See my reply to Leon, where it is easy to see that it is the growth season or lack of it that gives the rings. Sometimes multiple rings from one year to the next.
I have seen mentions of this in some of our national parks.

year"
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On Tue, 05 Jan 2016 16:15:26 -0800

it is not that simple some can be decades and longer as always it depends on many factors
dendrochronology is the study of the rings
there are photos of giant sequoia cross sections marked with historic events that are fun to see
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On 01/06/2016 9:55 AM, Electric Comet wrote:

An individual growth increment? I'm certainly not aware of anything that shows such a pattern. Reference????

Spacing, yes. Actual ring structure itself is simply a characteristic of the individual species. Now, yes, while there are lots of species, there are a (relatively few) characteristics into which individual trees fall.
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On 01/06/2016 10:22 AM, dpb wrote:

Or perhaps are you simply referring to a period of time such as a prolonged drought or the like that can bring a period of growth to near standstill for as long as the particular event lasts and sometimes for sometime thereafter before the specimen really fully recovers (presuming it survives and does do so eventually, of course)?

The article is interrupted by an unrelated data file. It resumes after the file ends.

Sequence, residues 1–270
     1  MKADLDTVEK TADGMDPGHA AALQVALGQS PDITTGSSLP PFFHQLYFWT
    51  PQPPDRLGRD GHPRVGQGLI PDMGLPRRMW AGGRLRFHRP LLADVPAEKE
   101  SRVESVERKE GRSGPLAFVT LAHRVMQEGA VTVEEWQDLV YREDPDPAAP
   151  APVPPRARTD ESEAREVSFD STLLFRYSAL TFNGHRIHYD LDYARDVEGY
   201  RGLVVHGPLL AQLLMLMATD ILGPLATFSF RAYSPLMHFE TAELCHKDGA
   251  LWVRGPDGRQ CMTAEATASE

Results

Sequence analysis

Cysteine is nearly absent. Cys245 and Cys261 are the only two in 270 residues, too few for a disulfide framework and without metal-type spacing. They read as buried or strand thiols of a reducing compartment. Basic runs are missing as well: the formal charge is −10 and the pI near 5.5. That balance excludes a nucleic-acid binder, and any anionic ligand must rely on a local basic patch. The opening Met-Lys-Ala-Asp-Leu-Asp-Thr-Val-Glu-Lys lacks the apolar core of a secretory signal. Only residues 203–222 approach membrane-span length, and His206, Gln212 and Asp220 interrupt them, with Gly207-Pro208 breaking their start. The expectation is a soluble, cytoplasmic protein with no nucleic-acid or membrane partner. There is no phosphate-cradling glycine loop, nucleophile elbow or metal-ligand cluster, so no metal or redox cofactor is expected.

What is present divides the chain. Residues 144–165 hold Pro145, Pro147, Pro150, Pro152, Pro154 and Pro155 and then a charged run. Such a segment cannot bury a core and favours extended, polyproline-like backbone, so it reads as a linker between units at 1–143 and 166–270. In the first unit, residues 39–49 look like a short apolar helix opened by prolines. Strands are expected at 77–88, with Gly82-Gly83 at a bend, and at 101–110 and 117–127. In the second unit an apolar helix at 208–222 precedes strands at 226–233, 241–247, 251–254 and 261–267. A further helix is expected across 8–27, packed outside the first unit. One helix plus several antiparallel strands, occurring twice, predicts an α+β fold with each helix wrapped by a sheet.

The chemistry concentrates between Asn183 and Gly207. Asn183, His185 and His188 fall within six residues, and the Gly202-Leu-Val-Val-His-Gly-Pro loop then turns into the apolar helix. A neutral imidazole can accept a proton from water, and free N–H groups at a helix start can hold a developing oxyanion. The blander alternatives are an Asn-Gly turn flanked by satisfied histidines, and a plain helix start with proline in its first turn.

That sort of thing certainly happens for any number of reasons, weather patterns being the most notable for a given specimen. Over a longer period of time over a number of generations one may see other more longer-term trends although one may have to have some additional help in that the forest was uprooted in a devastating event such a a flood, buried in an anerobic environment and became fossilized or otherwise preserved in order for us to find rings to count and ponder over their meaning...a few thousand years for individual trees is their lifetime, a mere blink of the eye in geologic time.
The bristlecone pine is, afaik, the longest-lived single tree, reaching into the 5-6,000 yr neighborhood. The giant sequoias are mere youngsters in comparison in the 3-4,000 range.
What's really unusual is that the Pando quaking aspen grove is the oldest overall by a wide margin (80,000 to to perhaps as much as 1,000,000 by some estimates) but it's not the part you see; it (they? :) ) is a clonal colony of a single male quaking aspen. Individual stems are more like only 100-130 years in age but they come up from the underground root system, not by flowering/seed production. The whole grove of some 100 acres and 40-50,000 "stems" are identical clones genetically.
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There are tree's like that in La Jolla, Calif. To the naked eye people mistake them for scrub pine due to their small stature, but some wise person recognized them for what they are not too awful long ago, and now they are protected. The only spot, I think, in NA
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On 01/06/2016 4:47 PM, OFWW wrote:

I'd like to know what those are; the quaking aspen are certainly NA, Pando is in south-central UT, not far from Fishlake NF...
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http://www.livescience.com/29152-oldest-tree-in-world.html
Not the ones I was thinking of in Torrey Pines, Calif. http://davesgarden.com/guides/articles/view/3450/